Agriculture and food industries
Smart sensors in these two fields are still in the testing stage. These innovative connected sensors collect, interpret and communicate the information available in the plots (leaf area, vegetation index, chlorophyll, hygrometry, temperature, water potential, radiation). Based on this scientific data, the objective is to enable real-time monitoring via a smartphone with a range of advice that optimises plot management in terms of results, time and costs. On the farm, these sensors can be used to detect crop stages and recommend inputs and treatments at the right time. As well as controlling the level of irrigation.
The food industry requires more and more security and transparency and full documentation is required. This new technology is used as a tracking system as well as the collection of human data and product data.
Accelerated transition to the knowledge economy
Knowledge economy is an economic system in which production and services are largely based on knowledge-intensive activities that contribute to an accelerated pace of technical and scientific advance, as well as rapid obsolescence. Industry 4.0 aids transitions into knowledge economy by increasing reliance on intellectual capabilities than on physical inputs or natural resources.
Challenges in implementation of Industry 4.0:
- High economic costs
- Business model adaptation
- Unclear economic benefits/excessive investment
- Privacy concerns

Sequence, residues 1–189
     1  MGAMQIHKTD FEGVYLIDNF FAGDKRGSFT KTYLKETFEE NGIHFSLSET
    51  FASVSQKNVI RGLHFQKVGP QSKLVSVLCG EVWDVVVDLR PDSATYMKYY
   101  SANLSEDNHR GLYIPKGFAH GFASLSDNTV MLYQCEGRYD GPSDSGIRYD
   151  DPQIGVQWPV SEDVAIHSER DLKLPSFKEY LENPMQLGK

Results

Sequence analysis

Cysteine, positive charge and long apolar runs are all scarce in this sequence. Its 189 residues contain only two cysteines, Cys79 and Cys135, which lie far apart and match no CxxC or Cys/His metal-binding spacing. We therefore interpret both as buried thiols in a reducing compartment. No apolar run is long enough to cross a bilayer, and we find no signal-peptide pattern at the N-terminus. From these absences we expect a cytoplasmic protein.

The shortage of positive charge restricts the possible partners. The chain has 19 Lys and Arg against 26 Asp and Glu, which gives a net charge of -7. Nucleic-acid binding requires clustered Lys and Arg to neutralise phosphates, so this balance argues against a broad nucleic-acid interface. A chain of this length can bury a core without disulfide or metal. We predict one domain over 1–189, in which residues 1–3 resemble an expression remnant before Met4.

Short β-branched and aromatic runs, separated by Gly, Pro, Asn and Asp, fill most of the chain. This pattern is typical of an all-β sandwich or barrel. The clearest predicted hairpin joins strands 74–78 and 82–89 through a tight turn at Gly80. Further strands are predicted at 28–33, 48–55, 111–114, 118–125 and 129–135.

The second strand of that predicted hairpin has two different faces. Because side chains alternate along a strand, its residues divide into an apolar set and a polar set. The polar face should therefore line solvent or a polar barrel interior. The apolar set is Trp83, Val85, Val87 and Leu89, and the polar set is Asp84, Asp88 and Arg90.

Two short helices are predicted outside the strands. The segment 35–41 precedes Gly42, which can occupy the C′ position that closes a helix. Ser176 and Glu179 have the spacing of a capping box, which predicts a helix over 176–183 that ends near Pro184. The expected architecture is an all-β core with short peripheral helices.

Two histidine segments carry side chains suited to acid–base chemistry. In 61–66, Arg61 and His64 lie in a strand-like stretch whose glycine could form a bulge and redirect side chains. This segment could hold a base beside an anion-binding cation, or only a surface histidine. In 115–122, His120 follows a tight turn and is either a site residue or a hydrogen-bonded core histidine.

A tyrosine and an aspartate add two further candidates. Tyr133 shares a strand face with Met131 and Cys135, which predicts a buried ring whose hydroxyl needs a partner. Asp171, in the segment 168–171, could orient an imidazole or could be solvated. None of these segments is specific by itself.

- Surveillance and distrust
- General reluctance to change by stakeholders
- Threat of redundancy of the corporate IT department
- Loss of many jobs to automatic processes and IT-controlled processes, especially for blue collar workers
- Increased risk of gender inequalities in professions with job roles most susceptible to replacement with AI
- Lack of regulation, standards and forms of certifications
- Unclear legal issues and data security
- IT security issues, which are greatly aggravated by the inherent need to open up previously closed production shops
- Reliability and stability needed for critical machine-to-machine communication (M2M), including very short and stable latency times
- Need to maintain the integrity of production processes
- Need to avoid any IT snags, as those would cause expensive production outages
- Need to protect industrial know-how (contained also in the control files for the industrial automation gear)
- Lack of adequate skill-sets to expedite the transition towards a fourth industrial revolution
- Low top management commitment
- Insufficient qualification of employees
Many countries have set up institutional mechanisms to foster the adoption of Industry 4.0 technologies. For example,
Australia has a Digital Transformation Agency (est. 2015) and the Prime Minister's Industry 4.0 Taskforce (est. 2016), which promotes collaboration with industry groups in Germany and the USA.